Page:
Then again, maybe it's more a question of type than degree. I'm not a specifically auditory person, so maybe music isn't the most direct path to my limbic system. Since getting to Portland, I've been able to go out walking in a much more interesting environment that I generally could in Memphis, and I'm rediscovering some senses that I haven't used as much in recent years. Like smell, for example. I walk around Portland feeling surprised and interested in the way it smells. And yes, that sounds really gross, though it isn't really. One house might smell like incense, and another like curry, and another like wet leaves. Now and then -- often when there isn't anyone else visibly around -- I'll catch a whiff of what could only be pot. (It probably says a lot about my relative drug naievete that I always have to think about it for a second before I can identify it.) The point is, I haven't appreciably felt my sense of smell engaged with my surroundings since London. And while it brings some minor risks (have you ever caught something like cooking garlic on the breeze, savored the aroma, and then realized that it was actually a portable toilet? Stuff like that happens to me all the time,) I'm enjoying it a lot.

But I still worry that I miss a lot of what goes on around me. I'm good at catching visual things, less good at auditory things, and I often wonder whether things like television and a lot of the music I listen to have dulled my appreciation for life's more subtle beauties. It's an intangible sense of not quite fully experiencing the world around me.

What it probably really calls for is hallucinogens. But not while I'm still looking for a job.

Update: It looks like I'm about to get my first official temp assignment in Portland, so that's a small relief. I'll say more about it, I'm sure, once I've actually started -- not that there'll be much to say. For the record, incidentally, my measured, tested, scored office skillz = teh hawtness. My MS Word and Excel scores were perfect. Not good, perfect. And I type like a motherfucker. It's so nice to be appreciated, even if it's only for bullshit.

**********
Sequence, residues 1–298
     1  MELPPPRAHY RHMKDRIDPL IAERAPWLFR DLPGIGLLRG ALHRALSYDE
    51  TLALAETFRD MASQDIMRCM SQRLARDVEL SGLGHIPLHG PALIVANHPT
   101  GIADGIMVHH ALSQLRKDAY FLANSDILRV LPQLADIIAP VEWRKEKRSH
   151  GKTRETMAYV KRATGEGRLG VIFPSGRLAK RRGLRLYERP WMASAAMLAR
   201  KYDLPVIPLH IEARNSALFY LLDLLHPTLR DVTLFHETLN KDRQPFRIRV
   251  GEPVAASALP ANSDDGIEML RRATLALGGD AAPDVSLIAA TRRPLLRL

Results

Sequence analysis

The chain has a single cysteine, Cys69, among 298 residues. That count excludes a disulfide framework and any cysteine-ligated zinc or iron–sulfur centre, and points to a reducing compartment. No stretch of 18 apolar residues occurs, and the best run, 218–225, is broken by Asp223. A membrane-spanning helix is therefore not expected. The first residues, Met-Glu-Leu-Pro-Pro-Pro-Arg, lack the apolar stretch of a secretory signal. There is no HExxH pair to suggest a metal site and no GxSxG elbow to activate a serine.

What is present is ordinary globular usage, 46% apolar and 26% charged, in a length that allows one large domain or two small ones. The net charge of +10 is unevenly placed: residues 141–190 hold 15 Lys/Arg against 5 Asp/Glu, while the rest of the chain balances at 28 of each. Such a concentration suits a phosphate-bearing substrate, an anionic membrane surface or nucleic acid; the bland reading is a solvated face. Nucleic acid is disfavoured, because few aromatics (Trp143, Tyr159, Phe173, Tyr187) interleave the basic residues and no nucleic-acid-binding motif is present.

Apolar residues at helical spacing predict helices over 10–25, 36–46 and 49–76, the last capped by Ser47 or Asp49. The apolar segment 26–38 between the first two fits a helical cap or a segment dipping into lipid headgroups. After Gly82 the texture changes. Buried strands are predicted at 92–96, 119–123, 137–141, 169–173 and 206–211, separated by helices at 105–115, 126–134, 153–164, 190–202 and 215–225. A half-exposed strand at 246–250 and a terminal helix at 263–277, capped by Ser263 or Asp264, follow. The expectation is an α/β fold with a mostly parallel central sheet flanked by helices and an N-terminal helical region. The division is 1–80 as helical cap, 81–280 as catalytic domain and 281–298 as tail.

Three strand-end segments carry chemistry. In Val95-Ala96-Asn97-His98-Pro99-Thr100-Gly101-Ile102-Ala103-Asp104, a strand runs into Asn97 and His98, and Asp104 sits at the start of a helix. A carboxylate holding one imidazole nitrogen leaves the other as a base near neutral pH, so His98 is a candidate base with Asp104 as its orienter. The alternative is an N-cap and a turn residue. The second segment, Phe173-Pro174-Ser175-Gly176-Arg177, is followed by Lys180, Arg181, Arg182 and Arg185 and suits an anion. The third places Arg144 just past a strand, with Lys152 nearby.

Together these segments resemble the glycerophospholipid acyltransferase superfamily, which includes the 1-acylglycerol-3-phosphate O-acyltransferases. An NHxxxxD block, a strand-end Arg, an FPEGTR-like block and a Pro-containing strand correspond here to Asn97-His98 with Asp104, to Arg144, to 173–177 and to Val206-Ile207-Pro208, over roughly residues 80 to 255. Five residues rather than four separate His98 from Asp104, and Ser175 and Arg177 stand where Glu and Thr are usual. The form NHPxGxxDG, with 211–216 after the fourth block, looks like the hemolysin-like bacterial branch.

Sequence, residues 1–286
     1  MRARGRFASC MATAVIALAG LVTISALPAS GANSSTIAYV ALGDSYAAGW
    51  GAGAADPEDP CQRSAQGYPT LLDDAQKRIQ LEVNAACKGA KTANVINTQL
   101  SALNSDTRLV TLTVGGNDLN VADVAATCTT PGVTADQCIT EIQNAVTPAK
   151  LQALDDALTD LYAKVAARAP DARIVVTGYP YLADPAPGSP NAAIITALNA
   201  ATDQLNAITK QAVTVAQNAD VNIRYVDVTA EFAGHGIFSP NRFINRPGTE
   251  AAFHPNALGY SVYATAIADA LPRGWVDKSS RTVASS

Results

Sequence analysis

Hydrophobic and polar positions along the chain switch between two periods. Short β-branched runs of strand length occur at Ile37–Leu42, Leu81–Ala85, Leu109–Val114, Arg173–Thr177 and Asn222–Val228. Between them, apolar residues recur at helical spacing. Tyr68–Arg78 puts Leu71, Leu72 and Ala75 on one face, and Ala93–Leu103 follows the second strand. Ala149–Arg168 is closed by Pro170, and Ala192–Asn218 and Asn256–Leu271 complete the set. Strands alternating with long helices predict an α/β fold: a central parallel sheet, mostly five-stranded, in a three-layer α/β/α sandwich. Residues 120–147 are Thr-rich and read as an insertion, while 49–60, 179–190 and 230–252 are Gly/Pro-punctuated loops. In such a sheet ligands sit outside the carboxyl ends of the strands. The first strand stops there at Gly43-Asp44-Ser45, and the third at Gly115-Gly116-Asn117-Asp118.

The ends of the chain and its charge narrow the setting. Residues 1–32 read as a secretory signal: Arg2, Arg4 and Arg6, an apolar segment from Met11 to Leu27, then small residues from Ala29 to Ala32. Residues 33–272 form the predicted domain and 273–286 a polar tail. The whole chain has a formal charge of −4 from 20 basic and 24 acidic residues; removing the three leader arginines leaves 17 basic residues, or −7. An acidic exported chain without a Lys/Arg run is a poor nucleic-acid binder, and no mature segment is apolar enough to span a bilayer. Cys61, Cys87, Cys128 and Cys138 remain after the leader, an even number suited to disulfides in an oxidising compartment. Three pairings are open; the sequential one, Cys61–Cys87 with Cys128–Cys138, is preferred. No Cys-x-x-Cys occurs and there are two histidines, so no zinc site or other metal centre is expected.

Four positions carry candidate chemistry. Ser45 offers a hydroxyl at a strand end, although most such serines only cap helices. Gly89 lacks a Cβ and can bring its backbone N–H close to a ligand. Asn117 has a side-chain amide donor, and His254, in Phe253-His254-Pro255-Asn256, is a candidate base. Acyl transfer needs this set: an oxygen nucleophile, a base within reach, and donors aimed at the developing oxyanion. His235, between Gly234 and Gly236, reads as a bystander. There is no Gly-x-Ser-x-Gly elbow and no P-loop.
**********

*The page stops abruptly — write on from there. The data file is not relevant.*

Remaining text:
10:15 PM ::
Amy :: permalink
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Sunday, October 21, 2007
One More Before Bed

A few more notes about Portland, before I forget them:

There's a lot of rain in this city, a fact of which I was well aware and completely prepared to accept. What you don't hear about as much, though, is that with a lot of rain comes a lot of rainbows. I've been seeing them all the time since I got here -- in fact, one of the first things I saw on my way into town that first day, driving through the cascades just before sunset, was a huge rainbow to the west. And I know it sounds silly, but they always make me feel better.

Last night I was walking to the supermarket when a car pulled up right alongside and just past me. I hesistated; then the passenger door opened, a blonde woman in a backless red dress leaned out, and heaved her guts up. Several times. Noisily. And it was only 7:30.

They get to have roses and autumn leaves at the same time here.

As I write this, there's a homeless dude with a shopping cart wheeling beneath my window overlooking Division. He's ranting his ass off. I can't make out any of what he's saying.
11:57 PM ::
Amy :: permalink
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Progress Report #1

The stress of moving has finally caught up to me. Through all of that difficult trip, the initial confused wandering around town, the subsequent San Francisco trip, and right up through this week I've been fine, holding my own, staying optimistic, having faith that everything was going to be just fiiine. And I'm not saying I don't feel that way now.

But damn, I'm pretty tired.

I feel like sleeping all the time. I'm a little lethargic. I want to go out, meet people, do things, but this room is so safe and peaceful, and the street outside is still mostly unknown. I'm breaking out like crazy. I'm getting headaches. I wake up with stiff shoulders every morning, and my jaw's sore from grinding my teeth at night.

It's cool, though. I'm fine, everything's good -- it's just that moving is, you know, hard. I have two major objectives at present: 1) to find a reasonably stable source of income; and 2) to find a more permanent place to live. I've been working on both, but the past few days have seen heavy activity on the place-finding front -- and kids, it's not fucking pretty. It's still easier by far than it was in London or LA -- I can reasonably expect to live in almost any part of town I want, if I'm willing to put in the effort, and there are plenty of prospects on Craigslist on a daily basis. And I'm not going to go into detail, because nobody's really interested. But let's just say it's been... interesting.

So I think I'm going to put finding a new place aside for at least the next month, and focus on the income, which really needs to come first anyway. The place I'm in now costs a bit more than I really wanted to spend, but it's not outrageously expensive, I like the two housemates well enough, the room is comfortable, it's in a pretty good neighborhood, and I can stay on a month-to-month basis for a while. So I think now I should just make the best of a perfectly acceptable situation. I know, though, that if I stay through November, I'll almost certainly end up staying through December as well, and once I've gotten two or three months worth of comfortable, I'll be even less likely to budge.